The Super Nintendo Entertainment System (also called SNES) is a 16-bit video game console that was released by Nintendo in North America, Europe, Australasia (Oceania), and South America between 1990 and 1993. In Japan and Southeast Asia, the system is called the Super Family Computer, Super Famicom (スーパーファミコン Sūpā Famikon?), or SFC for short. In South Korea, it is known as the Super Comboy and was distributed by Hyundai Electronics. Although each version is essentially the same, several forms of regional lockout prevent direct compatibility. 13 January 2006

The Super Nintendo Entertainment System was Nintendo's second home console, following the Nintendo Entertainment System. The console introduced advanced graphics and sound capabilities that compensated for its relatively slow CPU, compared with other consoles at the time. Additionally, development of a variety of enhancement chips helped to keep it competitive in the marketplace.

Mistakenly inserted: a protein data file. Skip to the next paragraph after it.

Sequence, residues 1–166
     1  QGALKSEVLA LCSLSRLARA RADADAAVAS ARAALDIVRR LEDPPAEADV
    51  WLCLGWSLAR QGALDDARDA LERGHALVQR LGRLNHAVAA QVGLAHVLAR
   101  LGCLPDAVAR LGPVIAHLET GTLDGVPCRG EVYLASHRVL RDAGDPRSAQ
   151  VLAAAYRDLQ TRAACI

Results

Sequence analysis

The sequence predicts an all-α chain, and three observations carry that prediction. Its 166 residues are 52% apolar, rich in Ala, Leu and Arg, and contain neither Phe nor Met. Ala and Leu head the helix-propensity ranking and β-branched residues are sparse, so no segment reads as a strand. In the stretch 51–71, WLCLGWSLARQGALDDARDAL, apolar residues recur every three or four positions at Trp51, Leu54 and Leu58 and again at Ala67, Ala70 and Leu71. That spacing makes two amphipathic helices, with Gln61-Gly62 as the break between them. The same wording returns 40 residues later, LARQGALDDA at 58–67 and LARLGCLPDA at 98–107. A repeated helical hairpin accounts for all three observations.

The SNES was a global success, becoming the best-selling console of the 16-bit era despite its relatively late start and the fierce competition it faced in North America from Sega's Genesis console. Some consider the SNES to embody the "Golden Age of video games", citing its many groundbreaking games and the perceived focus on gameplay over graphics and technical gimmicks. The SNES remained popular well into the 32-bit era (so well that Nintendo didn't have to make a 32-bit Home Video Console), and although Nintendo has dropped all support for the console, it continues to be popular among fans, collectors, and emulation enthusiasts.

It will be rereleased as the Super Nintendo Entertainment System Classic Edition, a miniaturized version of the system that includes 21 SNES games, including The Legend of Zelda: A Link to the Past.

Zelda games released on the SNES


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